So, now to my regrets. When I published Vokhtah [book 1 of the Suns of Vokhtah], publishing anything was a brand new experience. I did a lot of research about how to publish as an Indie, but there were so many things I did not know, could not know. One of those things is that the first book of a series sets the rules of the world in place. Subsequent books have to live with those rules. You can’t just suddenly change a core constraint – like time – without ruining the story for people,like me, fussy, picky people with a decent memory. 😦

By the time I’d written the Innerscape series I knew better and did not publish book 1 until the whole damn lot was right. I think it shows in a plot that is tight, despite being written by a pantster. How can I do any less for Vokhtah?

The result of all this soul searching is that once the whole series is finished, I’ll put out a new edition of the first book before I publish the subsequent books. I just hope that doesn’t mean I’ll lose all the hard won reviews dating all the way back to 2013. 😦

Anyway… every decision has consequences, and I’ll just have to live with mine, but boy do I wish I’d known all this in 2013.

Anyone else have regrets?

Meeks-with-a-sad-face


How many writers/poets also love creating visual art?

The idea for this question arose from a conversation I had with Chuck Litka, about typos.

I find typos very distracting when I’m reading as they seem to leap off the page at me. And I can’t ‘not see them’.

I hypothesized that the reason might be because I do digital graphics where I’m used to working at the pixel level. The more I thought about those typos though, the more I saw a pattern emerging. And it had nothing to do with typos.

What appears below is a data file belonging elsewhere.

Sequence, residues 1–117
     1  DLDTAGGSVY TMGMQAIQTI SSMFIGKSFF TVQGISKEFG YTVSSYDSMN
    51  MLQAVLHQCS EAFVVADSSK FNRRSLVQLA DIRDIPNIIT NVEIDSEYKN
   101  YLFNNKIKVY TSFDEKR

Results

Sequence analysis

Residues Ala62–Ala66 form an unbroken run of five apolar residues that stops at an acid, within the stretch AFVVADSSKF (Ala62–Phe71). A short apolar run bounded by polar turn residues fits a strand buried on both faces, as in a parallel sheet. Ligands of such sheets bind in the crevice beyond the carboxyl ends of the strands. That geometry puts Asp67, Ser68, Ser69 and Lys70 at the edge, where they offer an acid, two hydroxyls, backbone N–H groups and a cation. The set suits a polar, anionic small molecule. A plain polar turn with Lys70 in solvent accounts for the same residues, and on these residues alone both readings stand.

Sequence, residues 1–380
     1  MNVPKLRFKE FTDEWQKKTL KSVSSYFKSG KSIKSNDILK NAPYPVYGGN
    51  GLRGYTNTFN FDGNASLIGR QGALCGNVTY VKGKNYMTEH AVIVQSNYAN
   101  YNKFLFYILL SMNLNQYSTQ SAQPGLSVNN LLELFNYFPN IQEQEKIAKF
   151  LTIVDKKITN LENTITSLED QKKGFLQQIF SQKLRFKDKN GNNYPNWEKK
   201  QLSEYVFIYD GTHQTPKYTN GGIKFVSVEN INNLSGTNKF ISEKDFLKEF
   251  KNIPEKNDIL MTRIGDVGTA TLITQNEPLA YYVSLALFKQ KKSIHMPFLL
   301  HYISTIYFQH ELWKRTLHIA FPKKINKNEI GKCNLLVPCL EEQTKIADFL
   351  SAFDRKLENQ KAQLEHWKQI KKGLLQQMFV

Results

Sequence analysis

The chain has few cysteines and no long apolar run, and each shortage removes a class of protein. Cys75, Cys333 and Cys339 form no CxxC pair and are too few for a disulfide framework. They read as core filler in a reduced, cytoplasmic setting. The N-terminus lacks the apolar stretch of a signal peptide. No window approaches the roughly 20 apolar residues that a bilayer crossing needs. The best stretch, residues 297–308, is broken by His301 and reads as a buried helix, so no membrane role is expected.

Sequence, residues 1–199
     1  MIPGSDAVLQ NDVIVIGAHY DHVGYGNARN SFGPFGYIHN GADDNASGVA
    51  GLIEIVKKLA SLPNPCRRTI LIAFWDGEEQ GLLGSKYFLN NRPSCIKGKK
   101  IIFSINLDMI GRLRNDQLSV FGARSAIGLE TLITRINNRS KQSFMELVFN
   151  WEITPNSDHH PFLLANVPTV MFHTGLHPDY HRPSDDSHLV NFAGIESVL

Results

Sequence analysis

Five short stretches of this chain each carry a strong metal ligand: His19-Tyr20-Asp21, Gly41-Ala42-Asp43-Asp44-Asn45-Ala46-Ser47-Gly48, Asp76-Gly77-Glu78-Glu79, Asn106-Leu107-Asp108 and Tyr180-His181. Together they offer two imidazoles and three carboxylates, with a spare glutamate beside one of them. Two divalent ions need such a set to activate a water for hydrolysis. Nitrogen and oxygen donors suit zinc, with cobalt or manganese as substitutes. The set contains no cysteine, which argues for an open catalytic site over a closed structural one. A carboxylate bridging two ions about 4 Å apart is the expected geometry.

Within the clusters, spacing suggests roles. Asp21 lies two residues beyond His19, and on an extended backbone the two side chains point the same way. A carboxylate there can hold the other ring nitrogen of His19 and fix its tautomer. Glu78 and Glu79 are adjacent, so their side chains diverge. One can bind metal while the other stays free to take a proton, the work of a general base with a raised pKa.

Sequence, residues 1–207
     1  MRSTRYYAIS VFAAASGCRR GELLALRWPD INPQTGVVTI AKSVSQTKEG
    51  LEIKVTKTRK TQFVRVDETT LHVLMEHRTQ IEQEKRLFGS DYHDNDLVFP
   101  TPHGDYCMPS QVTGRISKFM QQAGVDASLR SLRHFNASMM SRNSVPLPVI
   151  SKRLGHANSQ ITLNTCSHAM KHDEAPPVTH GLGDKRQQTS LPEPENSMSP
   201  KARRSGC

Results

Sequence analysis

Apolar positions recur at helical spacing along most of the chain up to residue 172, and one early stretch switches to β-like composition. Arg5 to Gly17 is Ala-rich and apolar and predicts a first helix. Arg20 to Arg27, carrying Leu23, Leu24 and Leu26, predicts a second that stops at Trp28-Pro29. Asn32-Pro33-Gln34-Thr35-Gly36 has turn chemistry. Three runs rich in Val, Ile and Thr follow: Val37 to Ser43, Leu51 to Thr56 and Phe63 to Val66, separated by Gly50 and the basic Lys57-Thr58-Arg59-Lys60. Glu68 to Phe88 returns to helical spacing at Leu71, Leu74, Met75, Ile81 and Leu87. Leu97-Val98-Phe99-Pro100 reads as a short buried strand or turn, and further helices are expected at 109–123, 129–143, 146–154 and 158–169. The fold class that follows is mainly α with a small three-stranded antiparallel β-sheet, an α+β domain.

See what you think:

Chuck Litka is a writer and painter.

I love words and digital graphics.

Diana Peach loves digital graphics too.

So does Audrey Driscoll.

Chris James is a writer and photographer.

Frank Prem is a poet and photographer.

Yorgos writes and draws.

Candy Korman is a writer, lover of art, and dances the tango.

Robbie Cheadle is a writer and creator of art with fondant.

And my crafty friend Anne is a botanical artist who paints and embroiders whilst also writing interesting posts on her blog…

And those are just the creatives I can think of off the top of my head. Apart from Anne and Candy, I believe we all create our own book covers, so there is an element of functionality about our art, but I suspect we’d want to be involved even if we weren’t DIY Indies.

So I’m throwing the question out there:

Is it possible that wordsmiths need to create some form of visual beauty in order to recreate it with words?

Or is there something even more fundamental going on?

Is it possible that wordsmiths are also into music? Or dance? Or food?

Food is such an elemental part of life. Do you have to be a good cook in order to write convincingly about food?

Lots of questions and not a single answer, so I’d really like you to share your thoughts in comments. And by ‘you’ I mean Indies, traditionally published writers, photographers, painters, graphic artists, musicians and cooks. If I’ve missed anyone please share that too.

-hugs-
Meeks


Hitting the ‘of course!’ moment